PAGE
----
A lab-on-chip ultrasonic platform for real-time and nondestructive assessment of extracellular matrix stiffness†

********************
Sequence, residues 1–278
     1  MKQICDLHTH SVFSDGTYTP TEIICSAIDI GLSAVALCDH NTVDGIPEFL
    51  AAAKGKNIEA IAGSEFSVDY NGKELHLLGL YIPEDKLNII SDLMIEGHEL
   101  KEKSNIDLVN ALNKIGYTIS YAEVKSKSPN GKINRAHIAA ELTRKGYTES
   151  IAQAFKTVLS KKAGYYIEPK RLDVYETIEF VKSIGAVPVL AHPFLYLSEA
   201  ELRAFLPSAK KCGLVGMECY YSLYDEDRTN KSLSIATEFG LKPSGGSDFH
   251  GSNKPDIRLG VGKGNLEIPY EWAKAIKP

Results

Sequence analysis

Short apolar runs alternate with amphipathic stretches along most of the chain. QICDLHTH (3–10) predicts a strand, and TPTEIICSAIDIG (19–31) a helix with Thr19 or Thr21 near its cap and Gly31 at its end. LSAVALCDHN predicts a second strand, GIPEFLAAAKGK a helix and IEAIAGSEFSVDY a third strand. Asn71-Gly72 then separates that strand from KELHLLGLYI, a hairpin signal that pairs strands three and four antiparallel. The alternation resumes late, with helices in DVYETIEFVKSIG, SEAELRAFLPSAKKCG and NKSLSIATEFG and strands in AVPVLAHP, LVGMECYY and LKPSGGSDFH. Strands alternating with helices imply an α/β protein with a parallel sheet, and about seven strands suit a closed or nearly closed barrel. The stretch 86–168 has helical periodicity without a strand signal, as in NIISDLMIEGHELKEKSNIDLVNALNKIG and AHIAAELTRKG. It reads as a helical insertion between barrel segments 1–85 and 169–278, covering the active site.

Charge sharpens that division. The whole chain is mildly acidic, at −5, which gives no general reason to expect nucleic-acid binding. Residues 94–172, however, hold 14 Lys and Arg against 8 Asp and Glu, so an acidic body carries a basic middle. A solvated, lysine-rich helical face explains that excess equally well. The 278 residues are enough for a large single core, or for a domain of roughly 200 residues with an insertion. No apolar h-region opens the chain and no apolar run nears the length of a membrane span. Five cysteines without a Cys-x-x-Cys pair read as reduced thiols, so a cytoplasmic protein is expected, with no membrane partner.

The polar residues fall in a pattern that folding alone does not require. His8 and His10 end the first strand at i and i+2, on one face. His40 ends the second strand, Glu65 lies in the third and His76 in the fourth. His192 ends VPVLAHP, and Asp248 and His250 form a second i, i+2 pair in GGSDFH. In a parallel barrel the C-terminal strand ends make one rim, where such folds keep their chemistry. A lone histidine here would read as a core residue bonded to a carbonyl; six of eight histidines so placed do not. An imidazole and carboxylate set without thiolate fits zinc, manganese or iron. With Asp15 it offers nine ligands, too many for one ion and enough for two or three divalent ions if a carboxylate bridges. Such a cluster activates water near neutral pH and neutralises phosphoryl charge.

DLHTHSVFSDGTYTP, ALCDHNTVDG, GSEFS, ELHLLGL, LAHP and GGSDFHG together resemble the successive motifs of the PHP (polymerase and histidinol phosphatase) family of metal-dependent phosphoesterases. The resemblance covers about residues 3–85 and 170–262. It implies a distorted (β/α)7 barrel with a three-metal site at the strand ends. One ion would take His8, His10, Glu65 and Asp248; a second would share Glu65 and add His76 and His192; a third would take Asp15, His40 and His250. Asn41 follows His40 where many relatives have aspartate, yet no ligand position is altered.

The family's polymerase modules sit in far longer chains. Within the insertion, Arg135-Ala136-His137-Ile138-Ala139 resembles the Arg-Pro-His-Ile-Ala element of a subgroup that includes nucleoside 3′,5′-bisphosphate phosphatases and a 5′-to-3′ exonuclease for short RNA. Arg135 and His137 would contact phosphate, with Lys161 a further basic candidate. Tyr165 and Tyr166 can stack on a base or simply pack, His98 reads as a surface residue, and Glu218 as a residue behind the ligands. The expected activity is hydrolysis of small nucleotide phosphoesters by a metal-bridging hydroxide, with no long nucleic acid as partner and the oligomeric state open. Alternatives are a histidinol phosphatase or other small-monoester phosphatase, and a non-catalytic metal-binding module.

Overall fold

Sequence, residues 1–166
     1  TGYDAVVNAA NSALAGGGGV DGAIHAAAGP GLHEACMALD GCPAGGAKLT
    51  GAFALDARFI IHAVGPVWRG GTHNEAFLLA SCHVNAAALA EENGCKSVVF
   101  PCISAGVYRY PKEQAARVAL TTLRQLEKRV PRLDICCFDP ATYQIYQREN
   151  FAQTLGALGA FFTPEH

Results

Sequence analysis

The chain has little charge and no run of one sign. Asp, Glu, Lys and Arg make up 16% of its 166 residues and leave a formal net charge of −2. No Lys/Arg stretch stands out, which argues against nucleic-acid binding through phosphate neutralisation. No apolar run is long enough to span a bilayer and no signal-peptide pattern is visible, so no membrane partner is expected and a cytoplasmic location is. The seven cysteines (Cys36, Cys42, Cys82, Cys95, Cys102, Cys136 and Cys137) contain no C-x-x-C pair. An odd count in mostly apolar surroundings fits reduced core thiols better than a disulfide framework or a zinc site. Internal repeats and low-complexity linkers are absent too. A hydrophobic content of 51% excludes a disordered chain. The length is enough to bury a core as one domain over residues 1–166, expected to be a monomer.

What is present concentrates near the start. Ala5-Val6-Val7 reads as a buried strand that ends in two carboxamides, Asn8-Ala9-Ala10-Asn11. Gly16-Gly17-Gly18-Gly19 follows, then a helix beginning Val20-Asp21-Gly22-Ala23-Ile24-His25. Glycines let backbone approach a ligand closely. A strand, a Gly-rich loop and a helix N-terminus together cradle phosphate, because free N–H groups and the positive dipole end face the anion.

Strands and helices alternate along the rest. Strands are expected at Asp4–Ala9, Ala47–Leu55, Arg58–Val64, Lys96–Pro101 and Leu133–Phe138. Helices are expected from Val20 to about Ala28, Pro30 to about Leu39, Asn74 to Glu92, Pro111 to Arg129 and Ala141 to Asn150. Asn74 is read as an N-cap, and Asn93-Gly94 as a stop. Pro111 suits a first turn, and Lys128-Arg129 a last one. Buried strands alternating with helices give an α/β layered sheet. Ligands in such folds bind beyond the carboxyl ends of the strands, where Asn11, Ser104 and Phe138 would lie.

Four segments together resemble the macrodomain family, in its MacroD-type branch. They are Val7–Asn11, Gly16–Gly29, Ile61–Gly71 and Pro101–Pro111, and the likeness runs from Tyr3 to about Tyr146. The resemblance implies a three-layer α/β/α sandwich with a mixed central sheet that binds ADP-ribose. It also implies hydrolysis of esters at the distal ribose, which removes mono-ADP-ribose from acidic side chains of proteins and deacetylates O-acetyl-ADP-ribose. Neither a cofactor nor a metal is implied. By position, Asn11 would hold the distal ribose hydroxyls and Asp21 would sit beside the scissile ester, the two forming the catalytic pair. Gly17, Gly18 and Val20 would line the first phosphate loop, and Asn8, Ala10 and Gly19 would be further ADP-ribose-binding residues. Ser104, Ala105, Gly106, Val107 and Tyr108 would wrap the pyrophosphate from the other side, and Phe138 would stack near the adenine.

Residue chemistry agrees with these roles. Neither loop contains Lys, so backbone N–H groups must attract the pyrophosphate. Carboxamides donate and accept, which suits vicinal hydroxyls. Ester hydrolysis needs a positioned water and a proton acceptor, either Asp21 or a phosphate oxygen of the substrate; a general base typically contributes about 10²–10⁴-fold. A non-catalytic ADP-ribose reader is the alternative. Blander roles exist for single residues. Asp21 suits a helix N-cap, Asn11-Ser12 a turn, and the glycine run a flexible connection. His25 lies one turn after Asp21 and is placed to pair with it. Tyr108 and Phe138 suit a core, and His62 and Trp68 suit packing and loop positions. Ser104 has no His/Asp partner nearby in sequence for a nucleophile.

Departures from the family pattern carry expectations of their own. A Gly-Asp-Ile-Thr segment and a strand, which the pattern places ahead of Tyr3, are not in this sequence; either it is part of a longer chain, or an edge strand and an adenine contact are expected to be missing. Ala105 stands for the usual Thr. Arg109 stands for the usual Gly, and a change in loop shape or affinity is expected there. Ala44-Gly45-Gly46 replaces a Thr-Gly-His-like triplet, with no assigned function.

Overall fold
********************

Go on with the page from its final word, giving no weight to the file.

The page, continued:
Extracellular matrix (ECM) mechanical stiffness and its dynamic change is one of the main cues that directly affects the differentiation and proliferation of normal cells as well as the progression of disease processes such as fibrosis and cancer. Recent advancements in biomaterials have enabled a wide range of polymer matrices that could mimic the ECM of different tissues for a wide range of in vitro basic research and drug discovery. However, most of the technologies utilized to quantify the stiffness of such ECM are either destructive or expensive, and therefore are unsuitable for the in situ, long-term monitoring of variations in ECM stiffness for on-chip cell culture applications. This work demonstrates a novel noninvasive on-chip platform for characterization of ECM stiffness in vitro, by monitoring ultrasonic wave attenuation through the targeted material. The device is composed of a pair of millimeter scale ultrasonic transmitter and receiver transducers with the test medium placed in between them. The transmitter generates an ultrasonic wave that propagates through the material, triggers the piezoelectric receiver and generates a corresponding electrical signal. The characterization reveals a linear (r2 = 0.86) decrease in the output voltage of the piezoelectric receiver with an average sensitivity of −15.86 μV kPa−1 by increasing the stiffnesses of hydrogels (from 4.3 kPa to 308 kPa made with various dry-weight concentrations of agarose and gelatin). The ultrasonic stiffness sensing is also demonstrated to successfully monitor dynamic changes in a simulated in vitro tissue by gradually changing the polymerization density of an agarose gel, as a proof-of-concept towards future use for 3D cell culture and drug screening. In situ long-term ultrasonic signal stability and thermal assessment of the device demonstrates its high robust performance even after two days of continuous operation, with negligible (<0.5 °C) heating of the hydrogel in contact with the piezoelectric transducers. In vitro biocompatibility assessment of the device with mammary fibroblasts further assures that the materials used in the platform did not produce a toxic response and cells remained viable under the applied ultrasound signals in the device.